Our state capitol is home to some incredible works of urban art that celebrate the state’s rich history and culture. If you’re a fan of street art and want to explore the murals of Raliegh there is one guided tour called The Original Downtown Raliegh Murals and Public Art Tour and several self-guided tours including the Downtown Raleigh Murals Tour.
Here are some of the murals I think are must-see in Raliegh.
Abstracted Motion Google Fiber AR mural
When viewed with the naked eye, “Abstracted Motion” depicts five figures in shades of purple and blue, hitting an array of poses. But, when viewed with an accompanying Android smartphone app, the 40-by-60-foot mural practically leaps off the wall. The art piece, painted by Raleigh artist Taylor White, is considered one of the world’s first augmented reality (AR) murals.
Honest Abe mural
Ever wondered what it would be like to see Abraham Lincoln cruising around behind the wheel of a Lincoln automobile? Well, wonder no longer, because the Lincoln Theatre hosts a beautiful mural that brings that exact scene to life on the live music venue’s west-facing wall.
Mount Rushmore of Hip Hop (feat. J. Cole)
Raleigh is one of four cities where you can gaze upon a mural that celebrates what followers of Spotify’s wildly popular Rap Caviar playlist voted as the Mount Rushmore of 2010s hip hop. The mural on S. Dawson St. features colossal portraits of Drake, Nicki Minaj, Kendrick Lamar and Fayetteville native J. Cole.
Ann and Allen Iverson mural
As part of CAM Raleigh‘s Above The Rimexhibition (closed in Feb. 2019, the exhibit explored basketball through the lens of art from 16 international artists), Stephen “ESPO” Powers re-created a scene from 1990s NBA history—Allen Iverson, sitting on the bench during an actual game, having his hair braided by his mom Ann. A “shoutout to moms everywhere,” as Powers described it on Instagram.
Honoring Levelle Moton
North Carolina Central University coach LeVelle Moton is a certified living legend, a distinction now immortalized via a beautiful mural at the corner of Salisbury and Hargett Sts. in downtown Raleigh. Designed by Adam Williams and constructed by mural artist Sean Kernick, the piece features Moton surrounded by championship trophies, family and organizations like the Raleigh Boys and Girls Club that helped shape him. “Coach Mo,” who grew up in Southeast Raleigh, leaves his mark on the region, on and off the court, giving back and inspiring through the Velle Cares Foundation as well as transforming his old Raleigh neighborhood by partnering with the city to develop more affordable housing.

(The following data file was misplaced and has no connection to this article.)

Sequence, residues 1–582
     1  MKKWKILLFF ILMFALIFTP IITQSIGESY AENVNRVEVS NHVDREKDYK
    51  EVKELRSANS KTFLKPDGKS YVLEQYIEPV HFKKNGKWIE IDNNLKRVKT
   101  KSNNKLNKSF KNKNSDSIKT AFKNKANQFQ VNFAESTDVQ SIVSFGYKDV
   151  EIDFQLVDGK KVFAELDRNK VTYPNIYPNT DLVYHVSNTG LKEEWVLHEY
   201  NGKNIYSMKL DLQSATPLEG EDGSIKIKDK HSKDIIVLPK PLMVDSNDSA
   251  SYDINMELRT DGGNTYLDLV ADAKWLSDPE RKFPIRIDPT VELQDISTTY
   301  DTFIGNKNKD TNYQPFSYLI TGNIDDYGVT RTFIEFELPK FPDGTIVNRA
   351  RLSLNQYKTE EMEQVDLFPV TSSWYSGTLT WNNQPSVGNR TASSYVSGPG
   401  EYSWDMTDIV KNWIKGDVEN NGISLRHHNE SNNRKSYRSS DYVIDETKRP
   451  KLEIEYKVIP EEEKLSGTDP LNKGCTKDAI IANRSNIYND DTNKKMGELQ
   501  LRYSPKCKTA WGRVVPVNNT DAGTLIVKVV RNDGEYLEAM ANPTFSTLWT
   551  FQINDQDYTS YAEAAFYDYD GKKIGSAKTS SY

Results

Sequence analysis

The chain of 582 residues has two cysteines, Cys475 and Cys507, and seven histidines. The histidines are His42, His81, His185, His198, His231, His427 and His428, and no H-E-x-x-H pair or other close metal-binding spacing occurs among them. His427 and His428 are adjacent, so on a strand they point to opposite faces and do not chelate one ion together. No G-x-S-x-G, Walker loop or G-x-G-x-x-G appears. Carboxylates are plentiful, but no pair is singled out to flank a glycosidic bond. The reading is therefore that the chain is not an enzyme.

Oaks and Spokes mural
Teamwork makes the dream work. That’s why Oaks and Spokes, a nonprofit organization fostering the cycling community in Raleigh, partnered with Crank Arm Brewing (a rad bike-themed brewery in downtown Raleigh’s Warehouse District) to thank riders for doing what they do.
Education Wall 1992
Take a stroll around Government Mall off Wilmington and Lane Sts. in downtown Raleigh, and you’ll end up passing “Education Wall 1992.” By pairing quotes like, “You are a child. You are suitable to be awed,” with kid-like doodles and drawings, the mural inspires the student in us all.
At CAM Raleigh, artist Dorian Lynde’s critically acclaimed No Damsel exhibition was a hit. The exhibition featured a series of murals and paintings with reimagined, modern-day Disney princesses.
John Prine Tribute
As part of the 2019 Grammy push, the record label for John Prine—the late American country and folk music legend—commissioned this mural to be painted by artist Scott Nurkin during the 2018 PNC presents Wide Open Bluegrass festival in downtown Raleigh. John Prine was an American singer-songwriter of country-folk music that has elements of protest and social commentary.
The Good of the Hive
Look out for this giant mural when you visit the North Carolina Museum of Natural Sciences. “The Good of the Hive” is an artistic initiative founded by Matthew Willey on a personal commitment to hand-paint 50,000 honeybees—the number necessary for a healthy, thriving hive—in murals around the world. You can find 11 on the mural in Raleigh!
Artist Max Dowdle created two murals at the City’s Vehicle Fleet facility off Westinghouse Boulevard, highlighting the City’s commitment to green energy.
The murals highlight renewable propane, a plant-based fuel from vegetable oils and other fats. Renewable propane produces far less greenhouse gas emissions than fossil fuels and is essential to the City’s Community Climate Action Plan.
Max was inspired to create “In the Land of Clean Energy,” which depicts a clean energy machine located among large-scale vegetation, showing how nature and machines can co-exist. The two murals, one on a sustainable propane tank and one on a block wall, are located at the City of Raleigh’s Vehicle Fleet at 2550 Westinghouse Blvd.
Free Expression Tunnel
The iconic Free Expression Tunnel is the longest, widest and most heavily-used pedestrian tunnel on the North Carolina State University campus. True to its name, it’s also where students and visitors alike can express thoughts and feelings about anything—some of which manifests itself in some truly unique artwork. Local tip: Look for the “Express Yourself” plaque dedicated by the University in 2006.
Next time you venture to our state’s capital make sure to enjoy these great public art installations and so many more!